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Steep Trails

John Muir

Book Overview: 

A collection of Muir's previously unpublished essays, released shortly after his death. "This volume will meet, in every way, the high expectations of Muir's readers. The recital of his experiences during a stormy night on the summit of Mount Shasta will take rank among the most thrilling of his records of adventure. His observations on the dead towns of Nevada, and on the Indians gathering their harvest of pine nuts, recall a phase of Western life that has left few traces in American literature. ... The landscapes that Muir saw ... will live in good part only in his writings, for fire, axe, plough, and gunpowder have made away with the supposedly boundless forest wildernesses and their teeming life."

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Book Excerpt: 
. . .the dangers that would necessarily attend our efforts, and conscious of being the cause of his present peril, decided not to leave him. Our discussions ended, Jerome made a dash from the shelter of the lava-block and began forcing his way back against the wind to the "Hot Springs," wavering and struggling to resist being carried away, as if he were fording a rapid stream. After waiting and watching in vain for some flaw in the storm that might be urged as a new argument in favor of attempting the descent, I was compelled to follow. "Here," said Jerome, as we shivered in the midst of the hissing, sputtering fumaroles, "we shall be safe from frost." "Yes," said I, "we can lie in this mud and steam and sludge, warm at least on one side; but how can we protect our lungs from the acid gases, and how, after our clothing is saturated, shall we be able to reach camp without freezing, even after the storm is over? We shall have to wait for sunshine, and when will it come?" <. . . Read More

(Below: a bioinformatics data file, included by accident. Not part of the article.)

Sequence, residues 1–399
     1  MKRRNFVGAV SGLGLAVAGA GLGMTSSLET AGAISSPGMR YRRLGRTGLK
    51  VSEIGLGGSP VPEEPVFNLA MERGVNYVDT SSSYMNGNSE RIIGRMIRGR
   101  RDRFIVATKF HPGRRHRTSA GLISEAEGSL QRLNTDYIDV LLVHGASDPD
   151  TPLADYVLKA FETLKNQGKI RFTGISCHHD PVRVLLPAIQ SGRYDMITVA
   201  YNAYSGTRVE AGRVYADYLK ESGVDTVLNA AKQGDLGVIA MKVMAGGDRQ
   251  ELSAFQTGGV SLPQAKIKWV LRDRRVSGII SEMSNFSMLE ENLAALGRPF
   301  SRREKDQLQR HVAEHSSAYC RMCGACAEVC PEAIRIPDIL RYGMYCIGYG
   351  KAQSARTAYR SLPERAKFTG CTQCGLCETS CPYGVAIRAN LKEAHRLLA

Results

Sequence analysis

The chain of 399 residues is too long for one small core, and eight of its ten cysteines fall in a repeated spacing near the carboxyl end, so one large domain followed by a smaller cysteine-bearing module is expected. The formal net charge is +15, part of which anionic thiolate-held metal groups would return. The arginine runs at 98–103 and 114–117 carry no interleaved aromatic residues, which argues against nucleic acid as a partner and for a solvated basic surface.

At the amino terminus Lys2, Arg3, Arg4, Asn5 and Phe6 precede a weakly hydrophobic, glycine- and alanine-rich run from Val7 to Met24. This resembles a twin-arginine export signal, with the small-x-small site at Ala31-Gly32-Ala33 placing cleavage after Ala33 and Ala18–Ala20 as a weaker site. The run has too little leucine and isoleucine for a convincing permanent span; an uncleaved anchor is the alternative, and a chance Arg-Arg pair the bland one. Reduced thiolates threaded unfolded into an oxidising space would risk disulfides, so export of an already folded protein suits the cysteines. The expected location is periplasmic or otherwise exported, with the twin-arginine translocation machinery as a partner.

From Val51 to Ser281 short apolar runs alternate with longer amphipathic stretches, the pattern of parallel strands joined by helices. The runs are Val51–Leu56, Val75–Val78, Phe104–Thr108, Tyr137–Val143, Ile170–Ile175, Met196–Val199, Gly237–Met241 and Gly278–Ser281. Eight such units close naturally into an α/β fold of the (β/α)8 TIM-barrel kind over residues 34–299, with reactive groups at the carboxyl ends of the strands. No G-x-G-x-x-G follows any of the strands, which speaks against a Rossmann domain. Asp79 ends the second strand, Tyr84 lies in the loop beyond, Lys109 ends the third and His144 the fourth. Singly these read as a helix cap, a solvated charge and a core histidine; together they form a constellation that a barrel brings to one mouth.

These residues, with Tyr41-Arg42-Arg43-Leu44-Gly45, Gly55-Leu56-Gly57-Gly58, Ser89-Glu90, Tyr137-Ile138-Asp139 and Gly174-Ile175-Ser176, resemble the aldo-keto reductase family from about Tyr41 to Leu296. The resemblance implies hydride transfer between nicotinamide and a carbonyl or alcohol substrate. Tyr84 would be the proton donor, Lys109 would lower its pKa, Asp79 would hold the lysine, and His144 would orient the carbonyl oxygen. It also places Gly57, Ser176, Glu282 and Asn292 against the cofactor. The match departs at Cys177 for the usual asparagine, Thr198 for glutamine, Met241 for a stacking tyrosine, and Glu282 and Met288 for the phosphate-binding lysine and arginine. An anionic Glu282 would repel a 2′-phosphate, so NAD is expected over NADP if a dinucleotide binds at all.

Community Reviews

This is a collection of miscellanea and some of it is robustly scientific surveys and some is narrative adventure, and some is a lively mix of both. Muir is an amazing polymath who can make prodigious lists of the flora, fauna and geology of wherever he is, but he also injects a sensuous quality to

Muir writes a poetic guide book to the West: California, Nevada, the Grand Canyon, Oregon, Utah, and Washington. He paints a picture of each region in stunning detail that gives you a picture of what these places looked like to him, exploring flora, fauna, geology, and history. His comments about he

This book got me into Muir. I've read every book he has written since. This is a book of short stories or recounts of some of Muir's travels. You can see the places he visited through his eyes as they were back then. An enjoyable read.

I thoroughly enjoyed this book, reading Muir's descriptions of the Pacific Northwest that has been my home for the last 33 years, and the Great Basin/Utah of my childhood.

I read this getting ready for a trip to the Southwest.

Honestly, I know I should have enjoyed this book way more. And there were definitely parts that stood out to me and that I liked. Considering that all the other reviews so far have been positive, I almost feel like I missed something. But I got so tired of reading these essays that towards the end I

A wonderful collection of letters about Nevada, Utah, Washington, Oregon, the Grand Canyon, among other special places.

A collection of excerpts, articles and letters, this book isn't as good as the more effective works focused on a single trip or period. Nevertheless, Muir's writing remains eminently readable and the passion with which he regards his beloved wild spaces shines through even the driest of scientific a

Muir paints a vivid landscape with his descriptions. I am drawn to his wonderful musings such as, "Going to the mountains is going home."